Once rolling in the only FG X ute not available with Ford’s EcoLPi gas option, things feel, to say the least, ‘familiar’. If you’ve ever owned or driven an FG Falcon, in the FG X, everything is where you remember it to be.
Fitted with the XR6 Turbo’s $1600 Luxury Pack, our test car sees partial leather XR-stamped sport seats join dual-zone climate control and a 112-watt, eight-speaker premium audio system.
Though not heavily bucketed, once nestled into the wide but supremely comfortable seats, you can understand why hard-working tradies would love sliding into their Falcon at the end of the day.
Shame then you still have to steer from your lap as you did in the FG, as the seat – once again – cannot be adjusted low enough while the wheel – yet again – cannot be brought up high enough.
As adept at producing big smiles as big skids, the engine is the heart of this particular Aussie workhorse.
As before, the turbocharged 4.0-litre in-line six-cylinder Barra engine spits out 270kW at 5250rpm and 533Nm between 2000-4750rpm. Feeling slightly down on grunt – and with audibly less spool noise – compared with the FG XR6 Turbo sedan we drove back in October last year, the engine in the XR6 Turbo ute still provides stacks of usable, lazy, low-end torque.
And we do mean low, with solid pickup from 1500rpm followed by a massive wall of torque from around 3500rpm. The decent shove then continues all the way to the 270T’s rev limit at just over 6000rpm.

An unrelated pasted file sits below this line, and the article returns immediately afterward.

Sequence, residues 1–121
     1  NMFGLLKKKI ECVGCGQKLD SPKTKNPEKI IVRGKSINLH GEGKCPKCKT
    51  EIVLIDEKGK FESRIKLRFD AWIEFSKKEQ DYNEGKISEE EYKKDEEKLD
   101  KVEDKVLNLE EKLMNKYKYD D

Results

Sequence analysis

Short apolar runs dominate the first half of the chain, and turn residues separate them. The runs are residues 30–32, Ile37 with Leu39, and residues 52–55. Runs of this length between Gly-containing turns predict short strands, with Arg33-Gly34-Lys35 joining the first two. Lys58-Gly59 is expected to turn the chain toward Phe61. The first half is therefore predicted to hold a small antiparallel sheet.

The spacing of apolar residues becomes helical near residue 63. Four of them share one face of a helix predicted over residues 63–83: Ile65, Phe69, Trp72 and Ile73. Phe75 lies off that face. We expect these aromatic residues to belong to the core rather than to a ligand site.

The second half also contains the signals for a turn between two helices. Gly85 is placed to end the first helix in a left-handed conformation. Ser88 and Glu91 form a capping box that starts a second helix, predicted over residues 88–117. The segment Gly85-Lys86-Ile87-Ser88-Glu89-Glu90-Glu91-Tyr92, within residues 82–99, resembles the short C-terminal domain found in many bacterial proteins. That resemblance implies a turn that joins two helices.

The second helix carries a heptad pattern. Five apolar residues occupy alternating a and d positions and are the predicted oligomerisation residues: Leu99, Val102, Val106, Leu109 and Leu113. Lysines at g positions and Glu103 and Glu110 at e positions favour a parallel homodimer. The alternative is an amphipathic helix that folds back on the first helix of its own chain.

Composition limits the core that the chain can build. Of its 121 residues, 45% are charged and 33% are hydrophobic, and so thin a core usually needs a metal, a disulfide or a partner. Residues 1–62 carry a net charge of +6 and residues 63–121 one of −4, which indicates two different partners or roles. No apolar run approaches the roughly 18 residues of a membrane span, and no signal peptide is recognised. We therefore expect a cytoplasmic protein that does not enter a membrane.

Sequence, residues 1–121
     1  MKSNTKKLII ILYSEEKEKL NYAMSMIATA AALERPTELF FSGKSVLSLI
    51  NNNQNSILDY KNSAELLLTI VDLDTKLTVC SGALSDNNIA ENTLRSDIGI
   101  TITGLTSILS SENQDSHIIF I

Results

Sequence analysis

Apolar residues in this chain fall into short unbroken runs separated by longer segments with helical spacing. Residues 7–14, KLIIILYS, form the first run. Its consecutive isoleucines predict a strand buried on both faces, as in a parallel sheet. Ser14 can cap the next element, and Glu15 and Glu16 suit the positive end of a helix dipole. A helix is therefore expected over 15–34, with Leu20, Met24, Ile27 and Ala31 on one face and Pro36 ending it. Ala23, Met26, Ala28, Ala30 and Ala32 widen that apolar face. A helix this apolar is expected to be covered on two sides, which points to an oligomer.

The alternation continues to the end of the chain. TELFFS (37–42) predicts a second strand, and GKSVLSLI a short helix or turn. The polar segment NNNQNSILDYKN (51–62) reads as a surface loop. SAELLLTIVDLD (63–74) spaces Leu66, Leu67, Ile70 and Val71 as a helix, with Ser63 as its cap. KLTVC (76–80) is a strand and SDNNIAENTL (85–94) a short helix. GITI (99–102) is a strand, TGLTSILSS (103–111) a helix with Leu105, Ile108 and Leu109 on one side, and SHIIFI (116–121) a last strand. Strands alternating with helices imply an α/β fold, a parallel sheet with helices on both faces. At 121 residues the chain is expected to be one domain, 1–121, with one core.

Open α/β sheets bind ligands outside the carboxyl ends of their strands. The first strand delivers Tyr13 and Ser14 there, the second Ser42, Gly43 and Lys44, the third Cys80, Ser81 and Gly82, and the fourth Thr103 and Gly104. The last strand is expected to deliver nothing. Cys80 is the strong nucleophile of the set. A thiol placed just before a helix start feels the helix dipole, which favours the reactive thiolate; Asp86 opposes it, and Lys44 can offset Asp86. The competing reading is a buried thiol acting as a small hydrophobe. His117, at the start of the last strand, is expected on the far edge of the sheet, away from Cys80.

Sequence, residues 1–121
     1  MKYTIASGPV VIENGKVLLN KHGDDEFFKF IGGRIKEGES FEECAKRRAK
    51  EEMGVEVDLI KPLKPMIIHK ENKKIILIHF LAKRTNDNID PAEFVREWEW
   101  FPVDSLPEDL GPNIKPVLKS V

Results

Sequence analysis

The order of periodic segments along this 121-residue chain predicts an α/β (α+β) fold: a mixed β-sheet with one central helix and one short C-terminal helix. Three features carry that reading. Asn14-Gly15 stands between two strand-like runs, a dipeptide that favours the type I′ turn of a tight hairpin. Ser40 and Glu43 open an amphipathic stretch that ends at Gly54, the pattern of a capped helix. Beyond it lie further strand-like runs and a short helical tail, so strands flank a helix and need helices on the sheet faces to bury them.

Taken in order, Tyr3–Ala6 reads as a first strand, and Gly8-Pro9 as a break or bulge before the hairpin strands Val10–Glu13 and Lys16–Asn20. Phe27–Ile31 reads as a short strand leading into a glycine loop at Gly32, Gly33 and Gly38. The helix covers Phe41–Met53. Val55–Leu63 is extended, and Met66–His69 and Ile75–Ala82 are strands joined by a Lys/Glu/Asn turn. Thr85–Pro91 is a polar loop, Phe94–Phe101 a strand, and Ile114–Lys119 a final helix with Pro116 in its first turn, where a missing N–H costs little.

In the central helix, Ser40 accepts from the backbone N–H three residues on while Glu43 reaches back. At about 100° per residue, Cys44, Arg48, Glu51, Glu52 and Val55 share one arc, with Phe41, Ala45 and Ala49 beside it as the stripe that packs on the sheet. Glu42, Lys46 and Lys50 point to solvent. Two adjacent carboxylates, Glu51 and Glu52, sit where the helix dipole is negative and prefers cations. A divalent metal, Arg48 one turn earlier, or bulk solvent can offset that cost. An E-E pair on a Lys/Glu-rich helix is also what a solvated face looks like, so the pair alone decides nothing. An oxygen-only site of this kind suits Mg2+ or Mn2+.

Apart from making the XR6 Turbo ute ideal for towing heavy loads – 2300kg braked with Ford’s $1870 heavy duty tow pack fitted or 1600kg with the regular $570 tow pack – the force-fed engine also has more than enough go to ensure genuine pace can be built at practically any time.
And if you decide you want to get in touch with your inner bogan, it doesn’t take much encouragement to provoke the last-gen-feeling single-mode traction control system to cut in.
Mixing highway driving with stop-start inner-urban travels – with a few enthusiastic back road blasts thrown in – we average 13.7 litres per 100km. A respectable result, it’s not far off the petrol ute’s unchanged 12.4L/100km claim.
Doing a solid job supporting the XR6’s big turbo engine is the smooth-shifting ZF-built six-speed automatic transmission.
Still teaming gear changes with the occasional drivetrain thump – a familiar FG issue related to free play in the limited-slip rear differential’s spider gears – the auto trans again offers a tiptronic-style ‘sports shift’ but lacks the steering wheel-mounted paddle shifters now standard on all automatic SS V Redline Holdens.
Despite its ‘sports tuned’ suspension often feeling busy and skittish on all but the smoothest of roads, the Falcon’s ride maintains reasonable levels of occupant comfort.
Clearly more muscle car than ‘sports’ car, the Ford Falcon XR6 Turbo Ute rolls into corners, struggles to confidently wash off speed and rarely feels secure or gripped up at the rear.